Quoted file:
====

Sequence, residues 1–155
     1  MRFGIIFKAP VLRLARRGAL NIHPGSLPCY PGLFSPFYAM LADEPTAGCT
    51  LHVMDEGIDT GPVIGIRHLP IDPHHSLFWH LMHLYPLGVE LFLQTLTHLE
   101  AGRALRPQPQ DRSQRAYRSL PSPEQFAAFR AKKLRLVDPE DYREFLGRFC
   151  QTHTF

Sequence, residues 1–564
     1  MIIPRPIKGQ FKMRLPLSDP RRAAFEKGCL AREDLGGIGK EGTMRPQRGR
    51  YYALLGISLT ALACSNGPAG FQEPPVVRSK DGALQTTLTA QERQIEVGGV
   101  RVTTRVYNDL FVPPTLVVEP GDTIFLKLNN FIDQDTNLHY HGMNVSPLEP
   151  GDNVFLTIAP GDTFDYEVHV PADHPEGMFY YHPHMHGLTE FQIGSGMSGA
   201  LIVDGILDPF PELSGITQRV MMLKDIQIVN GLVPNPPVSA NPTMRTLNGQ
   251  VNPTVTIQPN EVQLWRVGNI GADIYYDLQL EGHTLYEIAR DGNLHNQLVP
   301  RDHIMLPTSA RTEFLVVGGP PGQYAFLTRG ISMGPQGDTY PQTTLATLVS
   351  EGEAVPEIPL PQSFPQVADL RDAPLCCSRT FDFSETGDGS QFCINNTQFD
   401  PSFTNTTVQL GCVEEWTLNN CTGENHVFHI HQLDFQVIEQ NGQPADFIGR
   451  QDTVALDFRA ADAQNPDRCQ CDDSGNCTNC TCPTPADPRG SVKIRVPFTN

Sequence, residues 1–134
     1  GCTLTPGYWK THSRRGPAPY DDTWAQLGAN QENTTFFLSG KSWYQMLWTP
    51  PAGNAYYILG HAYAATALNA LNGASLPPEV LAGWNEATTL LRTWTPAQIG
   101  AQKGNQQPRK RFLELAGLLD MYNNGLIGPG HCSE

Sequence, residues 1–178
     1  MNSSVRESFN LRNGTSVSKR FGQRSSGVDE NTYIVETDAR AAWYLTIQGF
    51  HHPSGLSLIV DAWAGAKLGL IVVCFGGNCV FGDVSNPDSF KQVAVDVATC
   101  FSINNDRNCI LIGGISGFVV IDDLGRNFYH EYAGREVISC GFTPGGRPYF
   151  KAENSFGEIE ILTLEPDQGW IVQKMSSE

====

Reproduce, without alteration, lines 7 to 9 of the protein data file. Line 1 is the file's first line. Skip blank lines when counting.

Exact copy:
     1  MIIPRPIKGQ FKMRLPLSDP RRAAFEKGCL AREDLGGIGK EGTMRPQRGR
    51  YYALLGISLT ALACSNGPAG FQEPPVVRSK DGALQTTLTA QERQIEVGGV
   101  RVTTRVYNDL FVPPTLVVEP GDTIFLKLNN FIDQDTNLHY HGMNVSPLEP